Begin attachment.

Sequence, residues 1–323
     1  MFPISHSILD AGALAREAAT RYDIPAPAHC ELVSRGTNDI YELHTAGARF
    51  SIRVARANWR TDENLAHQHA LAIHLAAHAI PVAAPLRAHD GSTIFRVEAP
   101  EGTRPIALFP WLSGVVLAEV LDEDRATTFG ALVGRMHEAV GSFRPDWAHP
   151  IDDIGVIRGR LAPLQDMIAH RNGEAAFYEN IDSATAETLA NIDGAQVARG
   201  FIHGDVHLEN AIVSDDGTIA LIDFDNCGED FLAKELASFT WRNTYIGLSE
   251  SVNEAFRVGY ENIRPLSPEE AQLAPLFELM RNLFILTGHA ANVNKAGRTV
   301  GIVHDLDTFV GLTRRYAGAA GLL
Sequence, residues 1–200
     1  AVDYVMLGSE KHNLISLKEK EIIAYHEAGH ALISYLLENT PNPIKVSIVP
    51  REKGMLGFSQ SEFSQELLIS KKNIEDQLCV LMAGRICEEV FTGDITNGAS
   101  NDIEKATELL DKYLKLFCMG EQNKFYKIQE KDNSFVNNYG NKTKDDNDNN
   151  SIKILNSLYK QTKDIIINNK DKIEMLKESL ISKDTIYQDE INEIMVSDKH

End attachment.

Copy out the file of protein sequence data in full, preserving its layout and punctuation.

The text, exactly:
Sequence, residues 1–323
     1  MFPISHSILD AGALAREAAT RYDIPAPAHC ELVSRGTNDI YELHTAGARF
    51  SIRVARANWR TDENLAHQHA LAIHLAAHAI PVAAPLRAHD GSTIFRVEAP
   101  EGTRPIALFP WLSGVVLAEV LDEDRATTFG ALVGRMHEAV GSFRPDWAHP
   151  IDDIGVIRGR LAPLQDMIAH RNGEAAFYEN IDSATAETLA NIDGAQVARG
   201  FIHGDVHLEN AIVSDDGTIA LIDFDNCGED FLAKELASFT WRNTYIGLSE
   251  SVNEAFRVGY ENIRPLSPEE AQLAPLFELM RNLFILTGHA ANVNKAGRTV
   301  GIVHDLDTFV GLTRRYAGAA GLL
Sequence, residues 1–200
     1  AVDYVMLGSE KHNLISLKEK EIIAYHEAGH ALISYLLENT PNPIKVSIVP
    51  REKGMLGFSQ SEFSQELLIS KKNIEDQLCV LMAGRICEEV FTGDITNGAS
   101  NDIEKATELL DKYLKLFCMG EQNKFYKIQE KDNSFVNNYG NKTKDDNDNN
   151  SIKILNSLYK QTKDIIINNK DKIEMLKESL ISKDTIYQDE INEIMVSDKH